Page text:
Saturday, September 13, 2008

You can't possibly still think hyenas are ugly (part 2)

Due to formatting complications, this post had to be in two parts. Part 1 was the photos. This is part 2.

So after seeing all these pictures, it seems inconceivable that you could still think that hyenas are ugly. Are all of them gorgeous? Heavens, no, some of them are mangy, ragged, and certainly not pictures of grace. But isn't that true for any species (um, hello Amy Winehouse)? There's always a spectrum of variation... thankfully, because if there weren't, we'd all be bored silly.

Personally, I think hyenas look a lot like dogs, and what's not cute about that? Interestingly, they are more closely related to cats than dogs, although they aren't really closely related to either, as you can see in the carnivore phylogeny I've so cleverly ripped off from

The four species of hyenas (brown, striped, aardwolf, and our beloved spotted) are actually their own family. No, not "family" like June, Ward, Wally, and the Beav...there are no potluck dinners among this group. I mean "family" in the phylogenetic sense, as in "kingdom-phylum- class-order-FAMILY-genus-species" (perhaps you remember the mnemonic from high school biology, "King Philip Comes Over For Good Soup"?). These are taxonomic categories of increasing specificity—it's how scientists keep the millions of species in the world organized. So spotted hyenas are in the kingdom Animalia, the phylum Chordata, the class Mammalia, the order Carnivora, the family Hyaenidae, the genus Crocuta, and the species crocuta. But that's a bit of a mouthful, so species are typically referred to by just their genus and species name, a la Homo sapiens. Phylogenetic trees, like the one above, show the evolutionary paths of species...when and where they diverged from other species, and who their closest relatives are. This particular tree moves from left (oldest) to right (most recent). For example, you can see that the hyena's closest relative is, surprisingly, the mongoose. Fur seals are more closely related to sea lions than they are to walruses because the divergence between fur seals and sea lions is more recent than the divergence between their ancestors and walruses. And it's possible that that sentence made no sense to anyone but me.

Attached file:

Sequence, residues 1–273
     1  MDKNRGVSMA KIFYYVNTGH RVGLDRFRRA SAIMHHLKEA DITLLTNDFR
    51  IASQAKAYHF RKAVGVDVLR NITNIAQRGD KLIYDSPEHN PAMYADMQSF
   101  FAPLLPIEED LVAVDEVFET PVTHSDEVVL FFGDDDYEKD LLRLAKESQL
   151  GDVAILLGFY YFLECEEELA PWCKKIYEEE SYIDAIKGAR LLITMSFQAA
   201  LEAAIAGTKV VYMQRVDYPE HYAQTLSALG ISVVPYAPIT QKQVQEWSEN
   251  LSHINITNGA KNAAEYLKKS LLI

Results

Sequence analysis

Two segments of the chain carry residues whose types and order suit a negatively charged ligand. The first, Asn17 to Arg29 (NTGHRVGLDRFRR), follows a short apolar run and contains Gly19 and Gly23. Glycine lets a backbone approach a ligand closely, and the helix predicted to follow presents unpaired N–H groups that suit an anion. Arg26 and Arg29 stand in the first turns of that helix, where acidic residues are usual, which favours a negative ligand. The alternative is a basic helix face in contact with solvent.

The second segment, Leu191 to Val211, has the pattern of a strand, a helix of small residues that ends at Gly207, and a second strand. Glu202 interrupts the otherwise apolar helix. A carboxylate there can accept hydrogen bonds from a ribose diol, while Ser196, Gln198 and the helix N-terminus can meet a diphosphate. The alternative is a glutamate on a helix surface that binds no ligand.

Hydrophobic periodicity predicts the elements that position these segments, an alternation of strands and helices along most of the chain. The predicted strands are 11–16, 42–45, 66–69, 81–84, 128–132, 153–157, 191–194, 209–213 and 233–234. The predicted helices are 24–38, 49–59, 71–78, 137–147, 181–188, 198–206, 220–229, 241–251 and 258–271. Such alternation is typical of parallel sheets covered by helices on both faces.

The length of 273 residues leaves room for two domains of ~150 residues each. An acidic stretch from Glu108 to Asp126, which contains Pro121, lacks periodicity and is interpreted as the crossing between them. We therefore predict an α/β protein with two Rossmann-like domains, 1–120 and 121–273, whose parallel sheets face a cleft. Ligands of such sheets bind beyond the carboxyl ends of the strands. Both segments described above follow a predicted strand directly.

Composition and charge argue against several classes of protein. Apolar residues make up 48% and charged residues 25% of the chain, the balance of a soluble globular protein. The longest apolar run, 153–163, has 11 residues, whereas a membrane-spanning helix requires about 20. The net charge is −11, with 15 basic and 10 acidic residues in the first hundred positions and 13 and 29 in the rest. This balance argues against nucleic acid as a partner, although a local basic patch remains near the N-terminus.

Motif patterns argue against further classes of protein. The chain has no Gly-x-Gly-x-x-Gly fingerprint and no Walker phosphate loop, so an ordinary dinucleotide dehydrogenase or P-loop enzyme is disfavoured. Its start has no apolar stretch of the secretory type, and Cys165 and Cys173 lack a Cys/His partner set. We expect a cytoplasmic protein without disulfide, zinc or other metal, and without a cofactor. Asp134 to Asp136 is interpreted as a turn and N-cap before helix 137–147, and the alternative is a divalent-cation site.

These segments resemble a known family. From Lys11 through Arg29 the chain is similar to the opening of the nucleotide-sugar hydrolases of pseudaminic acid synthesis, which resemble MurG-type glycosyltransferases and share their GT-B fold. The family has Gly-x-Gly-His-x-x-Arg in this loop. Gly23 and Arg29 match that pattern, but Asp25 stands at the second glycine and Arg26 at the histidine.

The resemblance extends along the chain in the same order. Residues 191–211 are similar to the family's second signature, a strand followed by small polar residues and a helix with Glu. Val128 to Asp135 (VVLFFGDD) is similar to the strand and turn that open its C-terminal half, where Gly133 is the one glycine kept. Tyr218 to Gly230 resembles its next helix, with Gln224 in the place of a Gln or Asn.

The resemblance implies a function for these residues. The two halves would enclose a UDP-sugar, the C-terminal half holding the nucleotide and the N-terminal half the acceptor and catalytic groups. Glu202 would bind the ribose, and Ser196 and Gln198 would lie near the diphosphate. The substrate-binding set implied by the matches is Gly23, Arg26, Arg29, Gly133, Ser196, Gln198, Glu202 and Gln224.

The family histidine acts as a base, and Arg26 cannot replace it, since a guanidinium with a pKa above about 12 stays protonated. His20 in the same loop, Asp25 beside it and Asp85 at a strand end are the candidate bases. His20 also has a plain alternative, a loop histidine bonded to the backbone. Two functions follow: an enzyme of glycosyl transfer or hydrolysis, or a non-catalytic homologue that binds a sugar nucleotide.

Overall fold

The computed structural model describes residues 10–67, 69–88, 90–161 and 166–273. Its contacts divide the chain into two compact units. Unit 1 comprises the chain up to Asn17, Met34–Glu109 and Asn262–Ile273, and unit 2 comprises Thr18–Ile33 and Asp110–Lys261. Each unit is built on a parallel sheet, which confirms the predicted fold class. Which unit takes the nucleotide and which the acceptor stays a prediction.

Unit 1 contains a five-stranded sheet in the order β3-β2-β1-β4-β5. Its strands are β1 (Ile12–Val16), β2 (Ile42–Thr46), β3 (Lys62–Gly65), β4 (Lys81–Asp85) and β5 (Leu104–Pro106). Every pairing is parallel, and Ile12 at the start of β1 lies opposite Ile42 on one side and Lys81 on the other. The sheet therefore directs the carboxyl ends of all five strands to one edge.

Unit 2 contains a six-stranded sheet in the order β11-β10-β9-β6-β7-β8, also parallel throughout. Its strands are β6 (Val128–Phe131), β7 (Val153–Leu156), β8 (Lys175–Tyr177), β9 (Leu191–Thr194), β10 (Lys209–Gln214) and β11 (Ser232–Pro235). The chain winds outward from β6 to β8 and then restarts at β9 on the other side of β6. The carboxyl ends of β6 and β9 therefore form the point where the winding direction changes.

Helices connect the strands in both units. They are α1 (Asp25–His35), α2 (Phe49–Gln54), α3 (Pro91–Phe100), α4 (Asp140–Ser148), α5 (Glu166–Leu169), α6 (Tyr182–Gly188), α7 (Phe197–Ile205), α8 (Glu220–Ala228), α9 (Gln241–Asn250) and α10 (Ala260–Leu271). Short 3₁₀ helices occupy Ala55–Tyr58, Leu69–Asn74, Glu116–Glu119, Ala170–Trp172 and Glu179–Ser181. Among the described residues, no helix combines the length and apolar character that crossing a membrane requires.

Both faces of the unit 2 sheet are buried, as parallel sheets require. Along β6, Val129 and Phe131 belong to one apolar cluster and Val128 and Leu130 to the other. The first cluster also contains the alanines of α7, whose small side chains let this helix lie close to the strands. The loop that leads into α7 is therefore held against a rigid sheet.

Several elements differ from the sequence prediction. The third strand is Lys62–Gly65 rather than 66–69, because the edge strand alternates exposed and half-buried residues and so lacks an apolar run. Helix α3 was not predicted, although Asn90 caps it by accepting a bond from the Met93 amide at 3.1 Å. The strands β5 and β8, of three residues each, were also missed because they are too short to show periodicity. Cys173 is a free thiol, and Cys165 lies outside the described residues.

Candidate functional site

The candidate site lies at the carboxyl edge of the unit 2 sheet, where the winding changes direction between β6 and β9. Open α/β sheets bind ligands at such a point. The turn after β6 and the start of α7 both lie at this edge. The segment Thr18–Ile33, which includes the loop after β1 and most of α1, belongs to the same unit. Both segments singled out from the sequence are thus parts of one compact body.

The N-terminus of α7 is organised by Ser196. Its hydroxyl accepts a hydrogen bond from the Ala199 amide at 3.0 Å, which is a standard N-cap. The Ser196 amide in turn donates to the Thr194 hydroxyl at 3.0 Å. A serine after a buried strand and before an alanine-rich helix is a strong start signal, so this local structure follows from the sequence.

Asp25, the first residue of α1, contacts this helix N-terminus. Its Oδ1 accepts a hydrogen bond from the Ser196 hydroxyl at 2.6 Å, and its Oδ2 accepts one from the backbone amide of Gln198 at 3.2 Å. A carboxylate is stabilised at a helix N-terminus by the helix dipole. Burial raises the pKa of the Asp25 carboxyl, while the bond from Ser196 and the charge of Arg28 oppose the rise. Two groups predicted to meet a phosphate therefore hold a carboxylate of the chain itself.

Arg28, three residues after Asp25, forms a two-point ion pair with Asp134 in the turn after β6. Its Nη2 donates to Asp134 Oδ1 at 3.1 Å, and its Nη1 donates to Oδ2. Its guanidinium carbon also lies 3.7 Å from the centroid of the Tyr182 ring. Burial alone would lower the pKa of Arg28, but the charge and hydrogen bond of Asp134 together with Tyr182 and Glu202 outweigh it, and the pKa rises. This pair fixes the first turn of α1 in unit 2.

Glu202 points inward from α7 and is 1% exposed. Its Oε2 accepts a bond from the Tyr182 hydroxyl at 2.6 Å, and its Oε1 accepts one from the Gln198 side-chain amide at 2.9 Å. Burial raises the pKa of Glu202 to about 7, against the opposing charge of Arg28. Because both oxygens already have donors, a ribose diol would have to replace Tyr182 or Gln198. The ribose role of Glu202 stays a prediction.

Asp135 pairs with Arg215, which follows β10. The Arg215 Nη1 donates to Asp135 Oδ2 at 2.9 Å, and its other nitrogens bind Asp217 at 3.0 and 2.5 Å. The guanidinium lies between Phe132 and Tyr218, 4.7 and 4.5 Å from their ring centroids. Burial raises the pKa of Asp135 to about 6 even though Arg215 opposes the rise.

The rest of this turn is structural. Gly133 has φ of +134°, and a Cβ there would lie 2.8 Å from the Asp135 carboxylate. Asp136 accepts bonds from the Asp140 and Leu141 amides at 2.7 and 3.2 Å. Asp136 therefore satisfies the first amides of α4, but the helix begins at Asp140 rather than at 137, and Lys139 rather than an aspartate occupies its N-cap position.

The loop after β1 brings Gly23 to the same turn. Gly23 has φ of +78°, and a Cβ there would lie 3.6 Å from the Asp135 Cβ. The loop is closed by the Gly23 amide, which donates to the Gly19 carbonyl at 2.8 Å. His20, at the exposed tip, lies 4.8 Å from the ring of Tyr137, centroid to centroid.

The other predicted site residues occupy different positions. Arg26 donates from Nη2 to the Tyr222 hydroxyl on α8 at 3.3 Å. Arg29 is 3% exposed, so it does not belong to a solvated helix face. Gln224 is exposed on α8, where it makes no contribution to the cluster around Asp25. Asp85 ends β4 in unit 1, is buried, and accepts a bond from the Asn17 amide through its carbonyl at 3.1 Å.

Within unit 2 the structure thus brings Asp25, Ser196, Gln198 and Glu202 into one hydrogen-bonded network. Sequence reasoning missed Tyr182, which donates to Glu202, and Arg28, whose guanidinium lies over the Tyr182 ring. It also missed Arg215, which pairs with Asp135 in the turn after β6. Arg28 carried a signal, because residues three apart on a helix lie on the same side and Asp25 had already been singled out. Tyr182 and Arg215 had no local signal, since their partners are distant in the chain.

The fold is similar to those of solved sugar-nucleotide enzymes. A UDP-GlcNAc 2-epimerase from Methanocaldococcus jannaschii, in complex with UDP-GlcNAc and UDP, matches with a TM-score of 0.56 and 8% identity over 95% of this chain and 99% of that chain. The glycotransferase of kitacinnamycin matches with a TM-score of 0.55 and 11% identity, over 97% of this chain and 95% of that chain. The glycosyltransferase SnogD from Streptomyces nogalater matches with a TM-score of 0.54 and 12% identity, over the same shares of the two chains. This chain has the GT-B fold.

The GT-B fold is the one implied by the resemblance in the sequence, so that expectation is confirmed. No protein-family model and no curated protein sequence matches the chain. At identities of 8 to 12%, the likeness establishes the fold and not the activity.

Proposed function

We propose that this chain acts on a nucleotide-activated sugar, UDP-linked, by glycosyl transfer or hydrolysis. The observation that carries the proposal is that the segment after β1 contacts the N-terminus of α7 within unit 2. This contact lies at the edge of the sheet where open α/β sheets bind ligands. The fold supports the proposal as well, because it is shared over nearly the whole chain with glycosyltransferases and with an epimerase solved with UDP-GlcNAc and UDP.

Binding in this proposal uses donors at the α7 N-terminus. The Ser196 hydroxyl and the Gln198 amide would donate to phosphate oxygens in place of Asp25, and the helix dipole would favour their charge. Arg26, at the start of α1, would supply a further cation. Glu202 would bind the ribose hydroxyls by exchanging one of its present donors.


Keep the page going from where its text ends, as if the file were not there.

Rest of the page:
Coming soon...

1 comment:

DPP said...

You're an edgy Bill Nye and I love it.

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